The Council of Labor Affairs (CLA) is thinking of implementing a new system next year, for a trial period, in which home help services are to be provided and charged on an hourly basis by a combination of immigrant and local care workers.
The media called this a revolutionary change in how foreign domestic care workers are to be employed in Taiwan: from live-in domestic helper to hourly dispatched workers. The idea behind this new system was inspired by the Danish home help system, in which a single care worker is responsible for visiting several senior citizens within the community.
The proposed system is to have a number of advantages over the current system of immigrant domestic helpers.
It can bring about cost savings for those who do not require around-the-clock care — they will not need to pay a 24-hour wage to the worker, nor will they be responsible for employment security fees or health insurance premiums for immigrant workers.
It also simplifies matters for the host family, who will no longer be responsible for the home help’s bed or board, nor will it be accountable should the immigrant worker abscond.
The new system will also be better for immigrant workers’ human rights, as they should no longer need to worry about being ill-treated by exploitative or abusive employers.
Finally, the new system may well see a reduction in the number of immigrant care workers coming to Taiwan.
Is the point here the hourly-charged services or the fact that the work is to be given to an immigrant? In other words, wouldn’t the advantages of the hourly-charged system be just as applicable to a Taiwanese worker?
We have had a system of pay-by-the-hour home visits by Taiwanese care workers for some time, as part of the home help initiative within the Ten Years Long-term Care Program.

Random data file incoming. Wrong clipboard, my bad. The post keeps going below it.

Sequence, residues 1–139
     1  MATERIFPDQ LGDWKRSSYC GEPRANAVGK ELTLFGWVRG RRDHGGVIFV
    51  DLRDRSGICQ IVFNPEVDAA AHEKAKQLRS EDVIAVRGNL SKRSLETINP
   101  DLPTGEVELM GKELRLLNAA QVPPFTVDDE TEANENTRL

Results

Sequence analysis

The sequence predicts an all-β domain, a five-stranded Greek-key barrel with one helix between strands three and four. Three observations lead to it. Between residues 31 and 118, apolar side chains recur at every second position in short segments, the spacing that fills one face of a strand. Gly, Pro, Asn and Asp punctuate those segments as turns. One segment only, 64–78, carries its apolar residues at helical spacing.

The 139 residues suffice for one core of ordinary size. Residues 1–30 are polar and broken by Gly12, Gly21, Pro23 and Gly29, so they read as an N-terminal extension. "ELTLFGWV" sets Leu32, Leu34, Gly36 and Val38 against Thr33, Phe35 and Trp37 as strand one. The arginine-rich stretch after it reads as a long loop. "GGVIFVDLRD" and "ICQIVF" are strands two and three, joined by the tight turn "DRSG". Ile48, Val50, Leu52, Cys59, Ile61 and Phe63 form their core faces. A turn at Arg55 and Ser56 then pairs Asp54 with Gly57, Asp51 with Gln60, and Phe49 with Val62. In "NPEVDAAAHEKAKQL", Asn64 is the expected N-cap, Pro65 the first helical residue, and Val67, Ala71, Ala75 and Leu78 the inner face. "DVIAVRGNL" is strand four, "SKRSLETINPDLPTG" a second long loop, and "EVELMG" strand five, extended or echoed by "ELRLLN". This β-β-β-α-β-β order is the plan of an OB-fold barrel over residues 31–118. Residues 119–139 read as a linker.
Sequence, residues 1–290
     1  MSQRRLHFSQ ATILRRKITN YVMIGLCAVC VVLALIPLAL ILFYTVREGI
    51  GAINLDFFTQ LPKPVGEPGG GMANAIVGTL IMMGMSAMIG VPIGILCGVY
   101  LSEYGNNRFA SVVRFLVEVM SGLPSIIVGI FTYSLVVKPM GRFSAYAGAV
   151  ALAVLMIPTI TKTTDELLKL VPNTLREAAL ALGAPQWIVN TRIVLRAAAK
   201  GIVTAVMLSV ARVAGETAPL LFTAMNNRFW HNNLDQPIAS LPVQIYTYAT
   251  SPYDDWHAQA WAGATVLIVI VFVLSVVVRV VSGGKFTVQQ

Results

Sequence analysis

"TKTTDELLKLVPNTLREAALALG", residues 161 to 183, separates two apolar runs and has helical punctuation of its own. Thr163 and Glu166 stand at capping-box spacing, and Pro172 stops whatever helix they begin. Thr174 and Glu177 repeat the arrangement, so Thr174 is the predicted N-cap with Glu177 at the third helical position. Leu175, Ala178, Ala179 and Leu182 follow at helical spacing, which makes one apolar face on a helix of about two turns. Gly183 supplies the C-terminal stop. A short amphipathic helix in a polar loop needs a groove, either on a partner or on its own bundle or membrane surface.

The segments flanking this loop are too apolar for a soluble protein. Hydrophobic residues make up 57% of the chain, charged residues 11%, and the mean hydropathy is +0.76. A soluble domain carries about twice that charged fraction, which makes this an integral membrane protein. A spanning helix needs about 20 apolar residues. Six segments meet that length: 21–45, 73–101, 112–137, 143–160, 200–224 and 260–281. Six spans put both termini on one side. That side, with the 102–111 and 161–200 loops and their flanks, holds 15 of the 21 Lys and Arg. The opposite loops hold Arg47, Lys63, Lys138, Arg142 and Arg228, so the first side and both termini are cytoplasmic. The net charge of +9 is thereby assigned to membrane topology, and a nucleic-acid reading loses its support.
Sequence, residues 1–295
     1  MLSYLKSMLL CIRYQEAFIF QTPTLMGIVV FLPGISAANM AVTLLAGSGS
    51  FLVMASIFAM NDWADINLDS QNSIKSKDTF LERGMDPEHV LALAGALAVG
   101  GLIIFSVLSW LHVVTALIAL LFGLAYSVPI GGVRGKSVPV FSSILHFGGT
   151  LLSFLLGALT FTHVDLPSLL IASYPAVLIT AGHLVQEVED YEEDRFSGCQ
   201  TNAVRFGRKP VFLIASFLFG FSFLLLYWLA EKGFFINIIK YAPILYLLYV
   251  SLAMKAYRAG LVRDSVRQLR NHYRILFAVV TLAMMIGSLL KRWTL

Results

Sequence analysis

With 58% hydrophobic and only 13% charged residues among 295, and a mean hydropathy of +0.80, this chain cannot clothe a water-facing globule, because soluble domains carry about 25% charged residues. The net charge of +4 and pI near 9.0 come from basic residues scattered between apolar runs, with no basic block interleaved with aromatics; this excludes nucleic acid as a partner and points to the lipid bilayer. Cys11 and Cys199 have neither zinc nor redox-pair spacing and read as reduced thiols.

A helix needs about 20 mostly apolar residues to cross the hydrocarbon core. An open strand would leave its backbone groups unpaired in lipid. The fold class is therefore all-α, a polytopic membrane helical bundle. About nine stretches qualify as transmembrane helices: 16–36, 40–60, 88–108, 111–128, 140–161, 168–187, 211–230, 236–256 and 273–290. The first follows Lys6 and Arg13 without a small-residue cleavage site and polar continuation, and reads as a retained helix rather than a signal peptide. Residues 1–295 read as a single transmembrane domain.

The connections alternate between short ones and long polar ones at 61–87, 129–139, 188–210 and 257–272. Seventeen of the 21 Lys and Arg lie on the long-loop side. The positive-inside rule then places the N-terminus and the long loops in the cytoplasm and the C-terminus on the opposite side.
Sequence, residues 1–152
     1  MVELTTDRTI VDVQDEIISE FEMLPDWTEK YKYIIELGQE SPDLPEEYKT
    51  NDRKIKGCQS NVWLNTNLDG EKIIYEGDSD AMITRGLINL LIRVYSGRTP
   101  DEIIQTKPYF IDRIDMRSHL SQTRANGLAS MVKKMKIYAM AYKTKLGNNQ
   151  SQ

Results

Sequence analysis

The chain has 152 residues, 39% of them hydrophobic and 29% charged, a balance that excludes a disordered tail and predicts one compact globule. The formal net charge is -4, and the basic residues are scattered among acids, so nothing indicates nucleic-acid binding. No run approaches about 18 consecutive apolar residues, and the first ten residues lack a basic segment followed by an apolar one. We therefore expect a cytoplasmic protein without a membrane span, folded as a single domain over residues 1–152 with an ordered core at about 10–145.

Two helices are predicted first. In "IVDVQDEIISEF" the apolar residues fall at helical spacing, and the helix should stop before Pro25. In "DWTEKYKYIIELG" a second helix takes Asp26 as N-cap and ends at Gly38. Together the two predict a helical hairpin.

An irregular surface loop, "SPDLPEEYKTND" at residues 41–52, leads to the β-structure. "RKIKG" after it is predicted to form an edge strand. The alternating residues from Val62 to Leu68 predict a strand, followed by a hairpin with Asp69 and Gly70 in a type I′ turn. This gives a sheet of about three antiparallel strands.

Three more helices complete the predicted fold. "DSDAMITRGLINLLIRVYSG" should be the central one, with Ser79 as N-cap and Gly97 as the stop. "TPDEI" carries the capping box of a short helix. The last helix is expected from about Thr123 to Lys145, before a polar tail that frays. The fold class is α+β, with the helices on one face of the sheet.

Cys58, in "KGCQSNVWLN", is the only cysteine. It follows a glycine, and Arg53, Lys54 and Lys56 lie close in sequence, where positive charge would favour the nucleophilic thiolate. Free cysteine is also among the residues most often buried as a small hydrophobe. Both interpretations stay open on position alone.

This has attracted large numbers of people looking for a career change and single mothers who have decided to try their hand at community care work.
This is precisely what the Council for Economic Planning and Development had in mind when it was organizing care services in 2002.
Over the past few years, vocational colleges have introduced courses on care provision for the elderly, preparing young people to become care workers and supervisors. Meanwhile, the Department of Health has been legislating to set up long-term care insurance, in which home help is one of the major forms of service provision.
Despite all this, there are still too few families using the government’s home help services. Why?
There are four crucial differences between the home help system and the proposed hourly service system for immigrant care workers.
First, the hourly fee for the proposed program will reportedly be close to NT$240 per hour, more expensive than the NT$180 people currently have to pay for local Taiwanese home care help, unless they are eligible for a government subsidy.
Second, the salary for workers under the proposed program will be more stable. At the moment, Taiwanese care workers within the national home help system get paid NT$150 per hour, which translates into anywhere between NT$25,000 and NT$30,000 per month, although this is subject to fluctuations. By contrast, workers under the proposed program will be paid an agreed and stable salary.
Third, service users can expect more diverse services from the proposed program. Under the current home help system, Taiwanese carers are only expected to work weekdays, visiting either daily or several days a week for one or two hours during the daytime. They do not provide care over many hours in one day, in the evening or at night, for the whole day, at weekends, during holidays, at short notice, or several times on any single day. All of these options, however, are possible under the proposed system for immigrant carers.